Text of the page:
Tuesday, August 4, 2009

Man with no Name

The Man with No Name (Italian: Uomo senza nome) is a stock character in western films, but the term usually applies specifically to the character (or possibly characters) played by American actor Clint Eastwood in what is often called "The Dollars Trilogy" (A Fistful of Dollars -1964, For a Few Dollars More -1965, The Good, the Bad and the Ugly -1966) directed by Sergio Leone.

The "Man with No Name", as personified by Eastwood, embodies the archetypical characteristics of the American movie cowboy — toughness, exceptional physical strength or size, independence, and skill with a gun — but departed from the original archetype due to his moral ambiguity. Unlike the traditional cowboy, exemplified by actors John Wayne, Alan Ladd, and Randolph Scott, the Man with No Name will fight dirty and shoot first, if required by his own self-defined sense of justice. Although he tends to look for ways to benefit himself, he has, in a few cases, aided others if he feels an obligation to, such as freeing a couple held captive in A Fistful of Dollars and comforting a dying soldier after the bridge explosion in The Good, the Bad, and the Ugly.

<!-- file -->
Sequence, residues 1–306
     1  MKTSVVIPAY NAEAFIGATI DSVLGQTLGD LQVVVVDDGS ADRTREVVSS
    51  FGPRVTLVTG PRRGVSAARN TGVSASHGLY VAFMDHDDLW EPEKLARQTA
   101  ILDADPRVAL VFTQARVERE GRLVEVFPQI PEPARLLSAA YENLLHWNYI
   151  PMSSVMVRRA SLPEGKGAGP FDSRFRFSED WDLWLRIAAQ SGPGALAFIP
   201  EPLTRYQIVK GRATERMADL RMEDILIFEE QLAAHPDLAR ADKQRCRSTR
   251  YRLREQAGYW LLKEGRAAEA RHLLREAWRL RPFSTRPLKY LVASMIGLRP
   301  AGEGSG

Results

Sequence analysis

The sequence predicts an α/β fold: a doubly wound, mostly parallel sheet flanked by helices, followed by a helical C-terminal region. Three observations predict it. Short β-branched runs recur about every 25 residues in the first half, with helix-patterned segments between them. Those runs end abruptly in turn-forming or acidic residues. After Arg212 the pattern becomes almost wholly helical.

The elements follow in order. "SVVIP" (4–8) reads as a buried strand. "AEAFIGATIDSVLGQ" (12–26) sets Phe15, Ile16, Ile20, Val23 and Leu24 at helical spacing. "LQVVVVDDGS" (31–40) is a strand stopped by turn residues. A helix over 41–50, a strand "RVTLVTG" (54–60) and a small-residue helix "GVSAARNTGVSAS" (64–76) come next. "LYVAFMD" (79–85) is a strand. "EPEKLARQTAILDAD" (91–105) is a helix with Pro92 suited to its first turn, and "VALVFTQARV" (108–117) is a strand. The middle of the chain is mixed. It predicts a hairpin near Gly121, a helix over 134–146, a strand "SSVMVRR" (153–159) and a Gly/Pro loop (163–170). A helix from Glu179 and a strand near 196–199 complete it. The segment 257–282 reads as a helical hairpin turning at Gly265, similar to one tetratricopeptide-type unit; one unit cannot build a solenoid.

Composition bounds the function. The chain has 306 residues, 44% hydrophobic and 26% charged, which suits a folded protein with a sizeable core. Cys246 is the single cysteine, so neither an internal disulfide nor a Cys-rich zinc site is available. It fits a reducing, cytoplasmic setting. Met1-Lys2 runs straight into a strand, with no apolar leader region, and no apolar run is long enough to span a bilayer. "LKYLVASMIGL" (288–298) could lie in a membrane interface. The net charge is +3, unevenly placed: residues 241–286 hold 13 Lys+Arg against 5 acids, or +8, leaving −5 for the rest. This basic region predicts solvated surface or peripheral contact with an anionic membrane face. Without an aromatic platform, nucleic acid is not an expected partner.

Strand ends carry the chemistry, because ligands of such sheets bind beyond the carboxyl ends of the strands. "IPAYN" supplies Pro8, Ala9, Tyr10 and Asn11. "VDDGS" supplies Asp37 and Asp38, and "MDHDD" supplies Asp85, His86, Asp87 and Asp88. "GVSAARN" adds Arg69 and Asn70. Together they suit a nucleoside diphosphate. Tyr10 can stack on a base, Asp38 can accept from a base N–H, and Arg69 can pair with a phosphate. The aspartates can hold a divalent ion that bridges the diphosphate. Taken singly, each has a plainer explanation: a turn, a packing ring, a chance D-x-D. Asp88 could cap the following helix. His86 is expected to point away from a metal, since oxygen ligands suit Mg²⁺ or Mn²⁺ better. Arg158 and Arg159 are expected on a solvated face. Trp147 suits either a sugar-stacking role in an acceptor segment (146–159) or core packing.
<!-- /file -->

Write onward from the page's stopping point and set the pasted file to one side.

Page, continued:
He is generally portrayed as an outsider, a mercenary or bounty hunter, or even an outlaw. He is characteristically soft-spoken and laconic. The character is an oft-cited example of an anti-hero, although he has a soft spot for people in deep trouble. While rescuing the young mother in A Fistful of Dollars, he responds to query about his motives with a curt "I knew somebody like you, once...and there was no one to help". This, along with the comment "I never found home that great", sums up the only personal history the viewer ever receives about the character.

The character's distinctive appearance consists of a battered brown hat with a telescope crown, pale blue shirt, black jeans, tan boots, a sheepskin vest, and a patterned sarape or "poncho". He is usually armed with one revolver with a silver rattlesnake on the grip, which is holstered on a gunbelt. In contrast with other Western heroes of the early- to mid-1960s, The Man is unshaven, almost to the point of sporting a full beard. He habitually smokes a cigarillo while working.

Due to budget considerations, Eastwood made the initial investment for his character's appearance and demeanour. Most of the clothing was purchased second-hand in California (with the exception of the sarape or poncho, which was provided by Leone); the gunbelt and holster were from Eastwood's previous TV series Rawhide. The Man's trademark cigars were also from California; their harshness put Eastwood in what he called a "scratchy mood", which aided in his characterization. The trademark squint was partly due to these cigarros, partly from Eastwood's allergy to horses.

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